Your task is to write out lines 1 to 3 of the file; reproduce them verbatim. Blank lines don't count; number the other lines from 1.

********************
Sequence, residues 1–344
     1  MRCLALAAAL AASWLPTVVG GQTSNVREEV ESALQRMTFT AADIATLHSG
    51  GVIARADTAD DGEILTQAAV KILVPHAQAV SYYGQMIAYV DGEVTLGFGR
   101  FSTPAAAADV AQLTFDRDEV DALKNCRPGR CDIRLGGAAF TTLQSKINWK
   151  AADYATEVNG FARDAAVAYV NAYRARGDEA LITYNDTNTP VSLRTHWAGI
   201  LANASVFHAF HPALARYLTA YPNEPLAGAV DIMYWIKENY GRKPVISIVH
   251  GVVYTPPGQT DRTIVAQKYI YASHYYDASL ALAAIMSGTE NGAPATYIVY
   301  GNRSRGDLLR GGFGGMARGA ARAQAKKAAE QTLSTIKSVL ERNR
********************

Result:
Sequence, residues 1–344
     1  MRCLALAAAL AASWLPTVVG GQTSNVREEV ESALQRMTFT AADIATLHSG
    51  GVIARADTAD DGEILTQAAV KILVPHAQAV SYYGQMIAYV DGEVTLGFGR